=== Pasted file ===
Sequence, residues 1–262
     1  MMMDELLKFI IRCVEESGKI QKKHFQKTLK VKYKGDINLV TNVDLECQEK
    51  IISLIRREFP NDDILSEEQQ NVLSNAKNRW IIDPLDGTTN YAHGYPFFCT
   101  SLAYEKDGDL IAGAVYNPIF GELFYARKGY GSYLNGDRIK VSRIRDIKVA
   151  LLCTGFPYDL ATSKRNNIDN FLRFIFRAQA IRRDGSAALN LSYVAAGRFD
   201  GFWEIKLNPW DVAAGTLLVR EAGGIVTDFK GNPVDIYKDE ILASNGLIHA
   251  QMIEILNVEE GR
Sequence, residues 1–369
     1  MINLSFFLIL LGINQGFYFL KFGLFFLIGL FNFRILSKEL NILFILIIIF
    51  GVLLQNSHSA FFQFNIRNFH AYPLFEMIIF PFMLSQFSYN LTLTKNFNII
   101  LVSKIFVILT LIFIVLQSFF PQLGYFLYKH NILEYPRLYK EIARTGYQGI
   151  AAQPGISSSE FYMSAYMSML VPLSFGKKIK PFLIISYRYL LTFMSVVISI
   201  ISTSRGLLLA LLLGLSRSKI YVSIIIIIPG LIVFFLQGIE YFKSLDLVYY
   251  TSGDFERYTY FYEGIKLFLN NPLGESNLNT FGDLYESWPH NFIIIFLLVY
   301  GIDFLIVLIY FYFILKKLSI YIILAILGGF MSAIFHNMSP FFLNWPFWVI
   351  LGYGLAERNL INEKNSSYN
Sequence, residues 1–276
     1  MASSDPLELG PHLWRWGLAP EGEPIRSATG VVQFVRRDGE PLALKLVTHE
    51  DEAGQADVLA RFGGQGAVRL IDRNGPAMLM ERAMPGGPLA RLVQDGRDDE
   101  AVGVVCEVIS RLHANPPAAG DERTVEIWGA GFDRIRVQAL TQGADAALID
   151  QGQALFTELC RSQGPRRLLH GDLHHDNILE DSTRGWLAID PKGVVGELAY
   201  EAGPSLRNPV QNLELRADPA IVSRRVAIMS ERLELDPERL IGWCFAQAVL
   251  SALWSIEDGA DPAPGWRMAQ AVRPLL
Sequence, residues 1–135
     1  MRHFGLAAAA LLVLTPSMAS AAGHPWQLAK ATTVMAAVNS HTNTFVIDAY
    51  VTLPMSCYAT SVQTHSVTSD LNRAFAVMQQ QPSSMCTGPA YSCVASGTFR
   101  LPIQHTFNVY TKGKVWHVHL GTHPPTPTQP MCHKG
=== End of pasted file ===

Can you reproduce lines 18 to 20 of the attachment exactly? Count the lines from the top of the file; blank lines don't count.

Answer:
     1  MASSDPLELG PHLWRWGLAP EGEPIRSATG VVQFVRRDGE PLALKLVTHE
    51  DEAGQADVLA RFGGQGAVRL IDRNGPAMLM ERAMPGGPLA RLVQDGRDDE
   101  AVGVVCEVIS RLHANPPAAG DERTVEIWGA GFDRIRVQAL TQGADAALID